For the current development kernel, it's currently still in beta development and is not being deployed in a commercial capacity. There is effectively no damage to SCO's Unix "Market-share" and SCO's disclosure and proof of "ownership" of the offending source code would allow Linus to remove it from the source repostory. The missing gaps would quickly be rewritten. Yes, that's the solution. Take out the code and replace it. That doesn't wipe out prior damages, actual damages, in this case, but it fixes the problem once and for all for anyone who isn't in a contractual relationship with SCO. As for not damaging anyone's market share, that definitely helps with any actual damages a judge might order paid. But you still can't copy someone else's work and use it yourself no matter what the end result is financially under US copyright law. Copyright law isn't just about money. It's about ownership rights. You can't drive off with my car even if you return it with a full tank of gas and there is no damage to it.
I wrote an article once and an online mag accepted it. Before it was published online, someone I had shown it to tried to change it just a bit and use it as if it was her writing. No money was involved as far as any loss to me. But I was plenty mad, and I used copyright law to stop her, because the ideas in the piece were mine and I had worked hard thinking them up and expressing them in a creative way on a subject no one had written about before, as far as I knew. She thought I hadn't registered the article, but I had, so she realized the theft wasn't worth the lawsuit it would bring on her, so she stopped. Without the registration, she intended to go forward with no shame. Laws are supposed to be about protecting people from those with no shame. It wasn't about money; it was about credit and about fair play. Copyright protects that too. It doesn't say you can copy and use as long as it doesn't hurt the author financially. If you hurt him or her financially, then the law tries to get the money back from you and gives it to the author as compensation. But either way, it stops you. Of course, software and word articles aren't identical as far as copyright issues are concerned, because open standards for articles aren't an issue at all, but this blog isn't about what copyright law should or shouldn't be; it's just about what it is.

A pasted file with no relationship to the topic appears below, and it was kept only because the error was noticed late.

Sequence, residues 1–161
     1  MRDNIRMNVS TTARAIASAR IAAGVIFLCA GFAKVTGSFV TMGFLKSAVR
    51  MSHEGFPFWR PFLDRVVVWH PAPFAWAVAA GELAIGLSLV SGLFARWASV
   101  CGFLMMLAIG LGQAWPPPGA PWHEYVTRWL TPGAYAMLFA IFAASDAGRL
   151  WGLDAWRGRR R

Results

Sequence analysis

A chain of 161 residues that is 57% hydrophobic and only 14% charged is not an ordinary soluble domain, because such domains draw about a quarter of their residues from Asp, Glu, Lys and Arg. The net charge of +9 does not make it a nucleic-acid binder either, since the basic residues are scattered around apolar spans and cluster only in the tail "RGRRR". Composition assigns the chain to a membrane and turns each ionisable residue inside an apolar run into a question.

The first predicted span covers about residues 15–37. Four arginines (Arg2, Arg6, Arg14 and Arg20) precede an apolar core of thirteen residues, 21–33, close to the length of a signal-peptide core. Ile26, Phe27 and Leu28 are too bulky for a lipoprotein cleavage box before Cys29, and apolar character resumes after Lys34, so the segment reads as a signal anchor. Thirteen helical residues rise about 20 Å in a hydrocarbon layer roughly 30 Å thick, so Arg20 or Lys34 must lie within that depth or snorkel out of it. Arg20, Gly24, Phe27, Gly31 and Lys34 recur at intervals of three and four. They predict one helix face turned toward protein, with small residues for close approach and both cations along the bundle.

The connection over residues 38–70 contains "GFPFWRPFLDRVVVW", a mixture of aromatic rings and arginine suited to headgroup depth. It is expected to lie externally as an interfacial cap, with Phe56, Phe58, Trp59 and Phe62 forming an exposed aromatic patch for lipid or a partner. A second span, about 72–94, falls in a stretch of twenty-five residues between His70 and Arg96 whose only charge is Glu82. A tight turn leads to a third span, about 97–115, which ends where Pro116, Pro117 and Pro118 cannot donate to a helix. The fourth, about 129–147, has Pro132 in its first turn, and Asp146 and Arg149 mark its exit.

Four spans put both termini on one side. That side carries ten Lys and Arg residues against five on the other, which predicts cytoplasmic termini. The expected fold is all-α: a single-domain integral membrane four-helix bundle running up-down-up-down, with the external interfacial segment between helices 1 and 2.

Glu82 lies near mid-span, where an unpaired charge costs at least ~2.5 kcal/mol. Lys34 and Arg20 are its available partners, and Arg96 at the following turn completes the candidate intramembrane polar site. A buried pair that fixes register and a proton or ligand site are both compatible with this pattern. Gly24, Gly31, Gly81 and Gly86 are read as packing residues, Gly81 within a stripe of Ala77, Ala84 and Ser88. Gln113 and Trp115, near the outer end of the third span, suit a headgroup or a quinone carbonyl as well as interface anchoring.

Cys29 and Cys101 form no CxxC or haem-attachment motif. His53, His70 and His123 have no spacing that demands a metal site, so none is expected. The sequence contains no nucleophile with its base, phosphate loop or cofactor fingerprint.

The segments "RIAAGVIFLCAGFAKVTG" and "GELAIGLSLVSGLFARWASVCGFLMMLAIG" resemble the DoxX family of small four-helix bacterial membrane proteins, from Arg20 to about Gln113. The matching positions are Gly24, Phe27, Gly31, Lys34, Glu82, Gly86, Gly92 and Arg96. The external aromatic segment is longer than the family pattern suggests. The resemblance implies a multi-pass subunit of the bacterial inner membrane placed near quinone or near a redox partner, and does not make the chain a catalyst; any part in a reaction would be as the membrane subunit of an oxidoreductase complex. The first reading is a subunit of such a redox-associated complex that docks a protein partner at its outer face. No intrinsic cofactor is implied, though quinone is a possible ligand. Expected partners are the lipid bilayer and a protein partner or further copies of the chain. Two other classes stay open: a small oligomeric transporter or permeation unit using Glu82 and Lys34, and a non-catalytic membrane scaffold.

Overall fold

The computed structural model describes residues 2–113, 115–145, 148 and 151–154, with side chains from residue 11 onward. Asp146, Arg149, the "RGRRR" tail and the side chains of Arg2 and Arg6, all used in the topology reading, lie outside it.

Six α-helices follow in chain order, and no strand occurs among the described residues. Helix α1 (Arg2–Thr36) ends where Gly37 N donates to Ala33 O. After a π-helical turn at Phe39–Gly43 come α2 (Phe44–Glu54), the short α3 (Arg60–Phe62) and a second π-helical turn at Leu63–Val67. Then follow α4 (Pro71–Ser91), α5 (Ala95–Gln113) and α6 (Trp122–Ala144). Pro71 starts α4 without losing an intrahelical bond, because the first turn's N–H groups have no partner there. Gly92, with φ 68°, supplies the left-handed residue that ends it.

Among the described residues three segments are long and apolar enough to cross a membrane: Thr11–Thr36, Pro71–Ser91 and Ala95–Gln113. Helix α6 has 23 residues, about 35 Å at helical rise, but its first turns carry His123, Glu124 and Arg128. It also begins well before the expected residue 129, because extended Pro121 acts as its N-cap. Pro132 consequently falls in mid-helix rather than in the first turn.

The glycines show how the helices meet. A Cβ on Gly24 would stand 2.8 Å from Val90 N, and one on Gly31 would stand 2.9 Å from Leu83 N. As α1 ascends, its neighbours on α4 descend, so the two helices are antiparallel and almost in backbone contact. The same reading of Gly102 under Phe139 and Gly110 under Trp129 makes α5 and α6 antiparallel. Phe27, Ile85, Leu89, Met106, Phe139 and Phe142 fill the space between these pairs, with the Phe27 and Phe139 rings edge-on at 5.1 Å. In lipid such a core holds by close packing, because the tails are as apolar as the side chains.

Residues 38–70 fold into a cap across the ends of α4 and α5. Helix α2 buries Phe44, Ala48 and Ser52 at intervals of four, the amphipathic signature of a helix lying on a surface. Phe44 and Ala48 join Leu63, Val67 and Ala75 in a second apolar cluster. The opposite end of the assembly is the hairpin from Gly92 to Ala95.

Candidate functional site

Next, he writes:
Since The SCO Group now admits that it does not own Novell's Unix patents, the rewrite becomes a much easier job. A: Yes! If SCO had patent rights, my heart would be hurting.
The deeper question I see in what the reader wrote is this: Shouldn't SCO have to show us the code and play fair? And the answer to that is morally yes and legally no, not now. They are likely limiting their financial damages by not showing the allegedly infringing code now, but they seem willing to let that happen for other strategic reasons. Don't forget that they have made no copyright claims yet against anyone. So far it's all trade secrets and contract violation stuff. So they will protect those claims over any possible copyright claims. They can in theory collect more money from IBM than from Linus, so they will go after them. I am not sure that the fact that there are no copyright claims yet means anything though. Remember that they filed in state court, where a copyright claim would be impossible. However, IBM moved the case to federal court and that is where copyright claims are heard. Conceivably, at some point SCO could add copyright infringement to their claims against IBM.
Feedback is fun. Thank you for the questions.